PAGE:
In this essay, we are going to see the relationship between culture, religion and the identity in Ireland.
The first part of the essay focuses on the Irish culture. We are going to answer questions like: Does Ireland have a distinctive and homogeneous culture? What does it mean to be Irish today? Moreover, we will see if the modernization of the country has fundamental changes in their culture and whether the Irish people should be worried of the upcoming post-modernization.
In the second part of the essay, we are going to talk about religion and its grand influence on Irish people. We are going to examine if Ireland is still influenced by the Catholic Church and whether religion has a future in this country.
Finally, in the third part of the essay, we are going to study the phenomenon of globalization and its influence on countries, and on cultures and on identities.
[...] In the second part of the essay, we are going to talk about religion and its grand influence on Irish people. We are going to examine if Ireland is still influenced by the Catholic Church and whether religion has a future in this country. Finally, in the third part of the essay, we are going to study the phenomenon of globalization and its influence on countries, and on cultures and on identities. One nation, one culture? Definition of culture To an individual level, culture is the acquired knowledge, the instruction, the knowledge of a human being. [...]
[...] The theorist Anderson thinks that “such actions provide a social group with a sense of pride of their identity and a feeling of collective solidarity”. Acting like this helps the country to connect with the past events and build myths. Culture and nation in Ireland How can we know someone is Irish? Do people have to own an Irish passport, live in Ireland and speak Irish to be known as an Irish? How about the Irish emigrants who went to the USA centuries ago? [...]
[...] Sharing the same national culture will allow the country to have one basic culture for its nation state and help it to have a strong identity abroad. But is that theory true for Ireland? Even if the religion is a bit less important in Ireland, religiosity is still a salient feature of the Irish life and it is a key to the Irish culture and behavior. The Catholic Church has had a major role in the modernization of the society in the last fifty years. [...]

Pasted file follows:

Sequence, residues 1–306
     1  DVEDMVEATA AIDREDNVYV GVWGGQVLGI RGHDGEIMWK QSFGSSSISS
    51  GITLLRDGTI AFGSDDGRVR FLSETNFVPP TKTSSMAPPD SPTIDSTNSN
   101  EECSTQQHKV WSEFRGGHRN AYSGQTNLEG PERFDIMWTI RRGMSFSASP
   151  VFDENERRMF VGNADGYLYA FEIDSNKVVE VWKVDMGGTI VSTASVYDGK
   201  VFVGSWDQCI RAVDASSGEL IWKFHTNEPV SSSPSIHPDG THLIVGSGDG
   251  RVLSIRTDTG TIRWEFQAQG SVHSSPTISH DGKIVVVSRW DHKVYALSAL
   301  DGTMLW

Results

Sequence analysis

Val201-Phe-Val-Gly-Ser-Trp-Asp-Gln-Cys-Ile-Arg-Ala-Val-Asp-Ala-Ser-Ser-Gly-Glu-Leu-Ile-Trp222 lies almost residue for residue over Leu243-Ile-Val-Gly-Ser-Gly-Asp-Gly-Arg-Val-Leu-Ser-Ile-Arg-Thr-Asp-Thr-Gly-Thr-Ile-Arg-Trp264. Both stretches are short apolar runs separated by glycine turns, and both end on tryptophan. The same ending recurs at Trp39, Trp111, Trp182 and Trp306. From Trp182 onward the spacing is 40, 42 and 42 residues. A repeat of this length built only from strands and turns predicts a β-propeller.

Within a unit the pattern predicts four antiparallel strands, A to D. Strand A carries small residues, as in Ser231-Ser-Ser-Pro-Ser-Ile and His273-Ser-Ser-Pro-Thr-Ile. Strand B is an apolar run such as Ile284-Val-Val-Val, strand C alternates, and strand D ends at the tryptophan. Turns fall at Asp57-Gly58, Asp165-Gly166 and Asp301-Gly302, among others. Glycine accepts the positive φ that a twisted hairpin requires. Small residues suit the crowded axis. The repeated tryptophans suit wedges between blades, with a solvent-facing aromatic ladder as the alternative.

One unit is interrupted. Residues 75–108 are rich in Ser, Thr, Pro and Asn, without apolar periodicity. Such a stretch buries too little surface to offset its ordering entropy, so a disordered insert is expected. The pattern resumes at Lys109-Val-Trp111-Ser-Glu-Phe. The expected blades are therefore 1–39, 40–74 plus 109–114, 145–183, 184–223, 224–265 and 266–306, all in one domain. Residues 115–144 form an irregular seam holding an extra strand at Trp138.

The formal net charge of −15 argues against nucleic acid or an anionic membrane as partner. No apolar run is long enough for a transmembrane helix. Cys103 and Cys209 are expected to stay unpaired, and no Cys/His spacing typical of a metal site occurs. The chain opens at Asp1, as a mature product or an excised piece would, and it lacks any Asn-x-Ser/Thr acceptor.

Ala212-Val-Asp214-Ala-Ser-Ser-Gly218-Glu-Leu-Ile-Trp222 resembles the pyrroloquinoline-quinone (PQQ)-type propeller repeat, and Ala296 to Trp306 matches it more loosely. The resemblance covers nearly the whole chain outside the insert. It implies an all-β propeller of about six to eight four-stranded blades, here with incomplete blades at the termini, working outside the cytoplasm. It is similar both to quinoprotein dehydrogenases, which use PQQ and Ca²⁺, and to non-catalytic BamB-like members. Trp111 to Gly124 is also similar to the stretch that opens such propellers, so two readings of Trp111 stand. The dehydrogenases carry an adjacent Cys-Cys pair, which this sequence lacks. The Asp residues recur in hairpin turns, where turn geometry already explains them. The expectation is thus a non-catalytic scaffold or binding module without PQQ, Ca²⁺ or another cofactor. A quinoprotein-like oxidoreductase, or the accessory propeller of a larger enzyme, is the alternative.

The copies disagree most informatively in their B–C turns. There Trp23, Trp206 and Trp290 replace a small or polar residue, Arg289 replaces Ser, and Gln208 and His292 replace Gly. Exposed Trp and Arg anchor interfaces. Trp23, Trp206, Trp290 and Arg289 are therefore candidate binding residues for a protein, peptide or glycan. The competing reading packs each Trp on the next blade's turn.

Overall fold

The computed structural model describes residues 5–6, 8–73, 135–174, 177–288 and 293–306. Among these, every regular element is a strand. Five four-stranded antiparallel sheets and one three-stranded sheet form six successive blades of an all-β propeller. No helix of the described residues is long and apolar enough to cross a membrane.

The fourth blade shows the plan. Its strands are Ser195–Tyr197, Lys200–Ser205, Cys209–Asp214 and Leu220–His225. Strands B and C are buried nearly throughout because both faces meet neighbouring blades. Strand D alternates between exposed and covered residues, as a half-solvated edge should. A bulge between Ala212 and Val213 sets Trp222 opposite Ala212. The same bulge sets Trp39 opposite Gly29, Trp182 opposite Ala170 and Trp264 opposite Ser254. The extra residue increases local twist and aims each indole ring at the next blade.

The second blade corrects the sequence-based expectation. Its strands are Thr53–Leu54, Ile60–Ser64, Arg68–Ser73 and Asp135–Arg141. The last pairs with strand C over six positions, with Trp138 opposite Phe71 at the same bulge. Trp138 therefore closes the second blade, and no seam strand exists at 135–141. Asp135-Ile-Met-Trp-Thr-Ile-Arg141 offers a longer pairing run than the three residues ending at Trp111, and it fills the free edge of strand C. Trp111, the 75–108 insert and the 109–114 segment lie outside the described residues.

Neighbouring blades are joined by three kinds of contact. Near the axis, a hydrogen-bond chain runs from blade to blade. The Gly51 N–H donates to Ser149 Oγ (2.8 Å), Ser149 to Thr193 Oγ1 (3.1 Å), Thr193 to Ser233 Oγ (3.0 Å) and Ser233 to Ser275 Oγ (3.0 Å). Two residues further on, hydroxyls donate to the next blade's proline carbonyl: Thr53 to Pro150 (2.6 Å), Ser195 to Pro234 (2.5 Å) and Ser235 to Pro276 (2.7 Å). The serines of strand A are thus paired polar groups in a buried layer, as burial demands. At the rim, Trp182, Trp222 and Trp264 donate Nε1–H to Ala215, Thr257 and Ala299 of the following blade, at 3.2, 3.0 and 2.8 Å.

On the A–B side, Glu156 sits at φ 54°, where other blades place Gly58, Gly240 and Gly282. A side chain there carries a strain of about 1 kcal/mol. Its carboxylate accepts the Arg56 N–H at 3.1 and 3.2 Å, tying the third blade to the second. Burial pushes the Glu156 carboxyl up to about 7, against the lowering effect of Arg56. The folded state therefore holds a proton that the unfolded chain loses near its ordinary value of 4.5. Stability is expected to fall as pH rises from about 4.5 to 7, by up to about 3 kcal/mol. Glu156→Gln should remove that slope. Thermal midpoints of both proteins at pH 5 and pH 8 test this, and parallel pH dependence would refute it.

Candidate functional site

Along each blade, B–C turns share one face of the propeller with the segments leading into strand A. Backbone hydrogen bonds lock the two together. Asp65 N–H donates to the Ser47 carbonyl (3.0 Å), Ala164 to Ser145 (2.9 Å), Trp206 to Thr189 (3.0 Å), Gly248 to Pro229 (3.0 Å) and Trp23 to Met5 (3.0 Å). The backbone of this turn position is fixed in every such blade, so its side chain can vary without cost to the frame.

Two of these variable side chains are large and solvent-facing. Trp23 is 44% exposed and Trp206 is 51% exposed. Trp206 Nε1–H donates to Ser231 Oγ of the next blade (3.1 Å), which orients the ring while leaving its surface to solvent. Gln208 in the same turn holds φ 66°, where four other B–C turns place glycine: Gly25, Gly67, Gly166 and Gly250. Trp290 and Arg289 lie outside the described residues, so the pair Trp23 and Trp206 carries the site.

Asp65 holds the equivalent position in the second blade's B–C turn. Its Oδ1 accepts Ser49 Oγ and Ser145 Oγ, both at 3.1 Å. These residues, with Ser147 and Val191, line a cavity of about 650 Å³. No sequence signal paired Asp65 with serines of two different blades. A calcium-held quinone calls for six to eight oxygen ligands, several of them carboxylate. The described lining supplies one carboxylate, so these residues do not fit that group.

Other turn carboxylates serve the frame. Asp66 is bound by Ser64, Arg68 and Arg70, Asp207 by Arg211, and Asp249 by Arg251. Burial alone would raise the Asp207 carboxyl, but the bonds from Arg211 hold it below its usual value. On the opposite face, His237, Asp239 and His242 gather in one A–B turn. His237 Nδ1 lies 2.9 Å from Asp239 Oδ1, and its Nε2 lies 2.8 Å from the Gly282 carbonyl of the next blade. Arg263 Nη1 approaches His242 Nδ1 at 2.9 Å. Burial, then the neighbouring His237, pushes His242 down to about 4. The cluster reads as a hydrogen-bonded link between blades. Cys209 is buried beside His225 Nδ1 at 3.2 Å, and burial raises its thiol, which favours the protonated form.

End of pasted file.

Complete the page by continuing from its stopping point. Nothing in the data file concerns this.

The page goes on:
[...] Religion and identity In Ireland, religions are very important because people see it as a part of their identity. Indeed, McVeigh says: “religious identity remains the main signifier of ethnic difference in Ireland”. And what is surprising is that religion in Ireland has operated as an ethnic and cultural marker. People don't make belief or practice differences but insist more on the historical and political sides. Inter-cast or inter-religion marriages are not encouraged; Irish people prefer marrying a person from the same community. [...]
[...] Irish identity is very important and the Irish want it to be attractive. So the Irish want to create a real global Irish identity recognizable all around the world. Contrary to that globalized Irish identity, Irish people have differences of gender, social class, language, religion and regions between them. Globalization and culture Globalization is generally linked with homogenization and standardization when we talk about culture. Within a country, differences are minimized in order to create a single global culture. Some theorists think that globalization brings cultural changes and that process is completely normal. [...]
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